The exhibits here focus on a rather unique and niche topic: underwater archaeology. One room is dedicated to caves and another to marine life, while other exhibits focus on artifacts uncovered from shipwrecks.

Fort of San Miguel Archaeology Museum Campeche Guide
Campeche Guide
Campeche Guide
Campeche Guide

While the Mayan museum at the San Miguel Fort is fully bilingual, most of the information here is in Spanish only. Furthermore, the artifacts here are rather generic in contrast to the one-of-a-kind Mayan pieces at the other museum.

As it’s unclear how to reach this fort via public transport, I ended up walking. While it was luckily an interesting and scenic walk, the museum was rather anticlimactic after all the effort I put into to get there.

Campeche Guide

Needless to say, the San Miguel Fort is the one most visitors should choose, though the Fort of San José el Alto makes for an interesting trip for those with an extra day in town.

While the views from both forts are similar, the Fort of San José el Alto is perhaps the slightly more scenic of the two.

Campeche Guide

Additional Info

As the capital of the state of the same name, Campeche is well-connected by bus with many other cities throughout the region.

Buses depart regularly from Mérida, with the journey taking just a few hours. You can also find direct buses from Cancún and Ciudad del Carmen (not to be confused with Playa del Carmen).

Campeche has two main bus stations: ADO and Sur. The ADO station is too far from the center to walk, though a taxi should only cost you $50 MXN.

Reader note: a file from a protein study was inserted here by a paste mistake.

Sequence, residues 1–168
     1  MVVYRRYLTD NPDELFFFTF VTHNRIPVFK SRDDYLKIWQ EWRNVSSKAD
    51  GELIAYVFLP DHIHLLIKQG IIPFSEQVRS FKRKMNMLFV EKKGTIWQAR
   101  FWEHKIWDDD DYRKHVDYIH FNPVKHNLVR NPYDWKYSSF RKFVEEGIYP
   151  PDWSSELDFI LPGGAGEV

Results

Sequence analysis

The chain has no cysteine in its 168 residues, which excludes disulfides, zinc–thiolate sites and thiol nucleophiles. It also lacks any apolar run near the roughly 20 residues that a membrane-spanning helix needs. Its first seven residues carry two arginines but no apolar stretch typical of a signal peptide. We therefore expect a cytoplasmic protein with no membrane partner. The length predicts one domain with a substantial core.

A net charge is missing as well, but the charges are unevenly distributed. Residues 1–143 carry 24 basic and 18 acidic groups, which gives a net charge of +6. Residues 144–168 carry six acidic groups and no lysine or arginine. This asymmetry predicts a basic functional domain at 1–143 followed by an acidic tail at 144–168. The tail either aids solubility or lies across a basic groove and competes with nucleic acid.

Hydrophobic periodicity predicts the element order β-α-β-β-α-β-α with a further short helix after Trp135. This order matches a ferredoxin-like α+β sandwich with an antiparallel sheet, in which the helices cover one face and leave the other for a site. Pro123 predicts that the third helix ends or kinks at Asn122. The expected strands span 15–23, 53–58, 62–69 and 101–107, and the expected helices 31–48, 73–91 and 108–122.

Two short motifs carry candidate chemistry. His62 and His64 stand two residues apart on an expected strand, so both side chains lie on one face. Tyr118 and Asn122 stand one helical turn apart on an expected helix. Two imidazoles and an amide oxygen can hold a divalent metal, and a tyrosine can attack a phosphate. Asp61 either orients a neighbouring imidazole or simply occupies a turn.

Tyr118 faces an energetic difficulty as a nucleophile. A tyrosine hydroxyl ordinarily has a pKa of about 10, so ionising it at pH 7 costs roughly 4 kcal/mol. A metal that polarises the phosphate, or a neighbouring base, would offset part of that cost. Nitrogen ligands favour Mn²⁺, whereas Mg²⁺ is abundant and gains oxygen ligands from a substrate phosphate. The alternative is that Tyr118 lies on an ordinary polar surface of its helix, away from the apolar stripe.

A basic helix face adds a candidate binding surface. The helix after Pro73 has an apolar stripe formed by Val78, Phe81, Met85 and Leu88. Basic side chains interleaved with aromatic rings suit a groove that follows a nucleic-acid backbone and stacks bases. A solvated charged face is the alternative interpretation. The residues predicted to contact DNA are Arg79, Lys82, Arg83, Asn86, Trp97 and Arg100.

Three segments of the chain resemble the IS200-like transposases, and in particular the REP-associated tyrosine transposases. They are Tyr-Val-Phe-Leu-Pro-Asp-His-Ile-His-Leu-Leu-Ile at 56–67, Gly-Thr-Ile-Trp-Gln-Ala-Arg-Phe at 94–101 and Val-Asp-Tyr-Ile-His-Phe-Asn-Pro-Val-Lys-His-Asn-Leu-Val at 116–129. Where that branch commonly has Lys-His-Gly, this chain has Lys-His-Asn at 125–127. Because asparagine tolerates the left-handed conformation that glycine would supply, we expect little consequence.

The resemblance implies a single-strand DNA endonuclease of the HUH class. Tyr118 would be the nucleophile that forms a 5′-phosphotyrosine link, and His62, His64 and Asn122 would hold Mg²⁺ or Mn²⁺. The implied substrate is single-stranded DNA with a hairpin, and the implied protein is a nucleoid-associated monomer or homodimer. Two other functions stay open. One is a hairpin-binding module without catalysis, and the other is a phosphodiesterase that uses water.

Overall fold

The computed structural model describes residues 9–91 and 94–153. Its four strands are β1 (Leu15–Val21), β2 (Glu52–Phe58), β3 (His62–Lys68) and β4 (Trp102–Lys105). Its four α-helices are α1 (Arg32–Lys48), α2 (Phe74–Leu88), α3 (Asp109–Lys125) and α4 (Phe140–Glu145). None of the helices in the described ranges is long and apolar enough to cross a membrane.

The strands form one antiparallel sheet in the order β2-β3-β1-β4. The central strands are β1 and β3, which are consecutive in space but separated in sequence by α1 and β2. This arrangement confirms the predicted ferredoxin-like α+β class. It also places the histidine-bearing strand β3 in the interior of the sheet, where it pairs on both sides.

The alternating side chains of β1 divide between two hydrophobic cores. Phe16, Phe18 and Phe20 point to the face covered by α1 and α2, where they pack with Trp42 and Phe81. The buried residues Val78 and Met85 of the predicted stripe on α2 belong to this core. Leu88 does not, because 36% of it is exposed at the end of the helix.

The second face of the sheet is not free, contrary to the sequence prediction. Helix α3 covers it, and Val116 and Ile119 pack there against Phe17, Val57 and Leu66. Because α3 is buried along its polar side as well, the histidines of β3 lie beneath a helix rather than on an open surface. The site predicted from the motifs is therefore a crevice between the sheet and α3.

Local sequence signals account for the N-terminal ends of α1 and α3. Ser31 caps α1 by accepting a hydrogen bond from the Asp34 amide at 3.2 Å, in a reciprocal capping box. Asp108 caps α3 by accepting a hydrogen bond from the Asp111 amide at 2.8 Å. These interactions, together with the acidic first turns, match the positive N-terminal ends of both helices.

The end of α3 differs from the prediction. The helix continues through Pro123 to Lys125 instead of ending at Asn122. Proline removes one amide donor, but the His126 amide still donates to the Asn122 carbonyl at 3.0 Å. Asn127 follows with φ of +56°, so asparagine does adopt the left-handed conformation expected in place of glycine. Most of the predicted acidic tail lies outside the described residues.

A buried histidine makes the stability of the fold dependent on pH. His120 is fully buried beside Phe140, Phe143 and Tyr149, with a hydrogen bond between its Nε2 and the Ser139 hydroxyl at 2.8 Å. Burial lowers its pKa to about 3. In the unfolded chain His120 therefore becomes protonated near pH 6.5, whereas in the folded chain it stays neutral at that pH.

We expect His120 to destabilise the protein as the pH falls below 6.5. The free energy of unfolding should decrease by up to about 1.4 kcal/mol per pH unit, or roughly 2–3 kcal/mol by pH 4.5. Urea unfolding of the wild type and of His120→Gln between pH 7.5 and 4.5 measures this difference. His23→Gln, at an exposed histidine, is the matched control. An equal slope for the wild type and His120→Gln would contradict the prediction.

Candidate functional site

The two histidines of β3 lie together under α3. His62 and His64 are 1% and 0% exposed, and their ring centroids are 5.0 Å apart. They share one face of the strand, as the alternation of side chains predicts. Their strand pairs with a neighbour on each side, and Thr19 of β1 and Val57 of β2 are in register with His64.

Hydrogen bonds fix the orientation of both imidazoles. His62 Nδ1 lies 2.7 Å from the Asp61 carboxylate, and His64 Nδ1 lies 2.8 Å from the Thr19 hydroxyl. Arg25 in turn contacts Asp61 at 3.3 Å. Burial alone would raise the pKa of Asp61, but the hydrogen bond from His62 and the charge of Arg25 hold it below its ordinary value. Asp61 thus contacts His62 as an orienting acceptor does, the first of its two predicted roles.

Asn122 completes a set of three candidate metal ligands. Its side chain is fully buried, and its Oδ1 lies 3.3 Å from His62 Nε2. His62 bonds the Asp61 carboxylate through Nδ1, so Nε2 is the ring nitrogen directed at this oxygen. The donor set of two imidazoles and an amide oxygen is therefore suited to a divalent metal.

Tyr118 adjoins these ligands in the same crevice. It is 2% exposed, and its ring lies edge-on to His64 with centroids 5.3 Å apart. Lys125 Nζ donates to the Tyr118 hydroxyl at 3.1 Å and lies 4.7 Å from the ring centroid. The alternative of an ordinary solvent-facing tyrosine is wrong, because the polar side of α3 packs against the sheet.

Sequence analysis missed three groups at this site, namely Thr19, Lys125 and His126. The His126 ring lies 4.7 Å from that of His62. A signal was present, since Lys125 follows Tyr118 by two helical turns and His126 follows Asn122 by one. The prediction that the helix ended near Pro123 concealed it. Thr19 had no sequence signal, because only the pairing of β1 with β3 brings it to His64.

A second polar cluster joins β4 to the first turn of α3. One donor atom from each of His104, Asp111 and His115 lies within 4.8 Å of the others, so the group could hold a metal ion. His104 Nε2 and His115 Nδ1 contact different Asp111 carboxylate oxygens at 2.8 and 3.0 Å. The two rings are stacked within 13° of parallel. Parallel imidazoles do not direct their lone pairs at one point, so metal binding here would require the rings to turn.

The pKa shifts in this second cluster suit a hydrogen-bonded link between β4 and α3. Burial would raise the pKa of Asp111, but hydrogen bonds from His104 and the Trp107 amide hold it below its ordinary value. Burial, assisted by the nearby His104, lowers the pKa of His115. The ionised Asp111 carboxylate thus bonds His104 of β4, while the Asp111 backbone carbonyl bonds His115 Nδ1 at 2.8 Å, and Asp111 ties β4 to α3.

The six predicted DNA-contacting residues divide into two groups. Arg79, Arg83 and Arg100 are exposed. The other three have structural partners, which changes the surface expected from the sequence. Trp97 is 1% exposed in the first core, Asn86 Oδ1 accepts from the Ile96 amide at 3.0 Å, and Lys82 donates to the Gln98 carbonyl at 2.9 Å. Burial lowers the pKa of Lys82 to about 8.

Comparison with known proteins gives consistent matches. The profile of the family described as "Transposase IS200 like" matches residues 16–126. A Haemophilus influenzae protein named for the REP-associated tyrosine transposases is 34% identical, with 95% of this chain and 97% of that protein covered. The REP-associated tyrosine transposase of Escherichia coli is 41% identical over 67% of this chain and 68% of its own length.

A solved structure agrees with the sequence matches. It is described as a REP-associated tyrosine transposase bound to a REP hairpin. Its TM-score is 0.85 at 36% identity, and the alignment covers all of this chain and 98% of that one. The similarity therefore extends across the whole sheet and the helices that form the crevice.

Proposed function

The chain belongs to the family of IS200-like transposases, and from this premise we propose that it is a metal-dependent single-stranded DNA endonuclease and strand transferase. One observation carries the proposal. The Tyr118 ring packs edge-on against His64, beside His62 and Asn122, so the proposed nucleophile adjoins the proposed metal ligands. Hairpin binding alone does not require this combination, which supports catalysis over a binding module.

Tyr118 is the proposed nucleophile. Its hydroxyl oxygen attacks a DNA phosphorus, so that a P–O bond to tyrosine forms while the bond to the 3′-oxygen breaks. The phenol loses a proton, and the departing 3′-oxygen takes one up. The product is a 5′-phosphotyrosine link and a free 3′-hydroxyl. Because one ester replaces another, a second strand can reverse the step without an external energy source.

The Sur terminal is located about 15 minutes on foot east of the center, and this is the station you’ll want to go to for direct buses to Xpujil, the nearest town to Calakmul.

Note that you can find Mérida-bound buses at both bus stations.

Campeche also has a small airport with connections to Mexico City.

I stayed at Hotel Maya Becan, which I’d recommend to those looking for an affordable private room in a convenient area. While not located within the walled city, it was just five minutes or so from the entrance, making it easy to reach most sites in the Campeche guide above on foot.

With tax included, I paid about $420 MXN ($20 USD) per night, and my room included a private bathroom with air conditioning.

It was just a couple minutes on foot from the colectivo stop for the ruins of Edzna, and it was also a fairly easy walk to the Sur bus terminal to travel onward to Xpujil.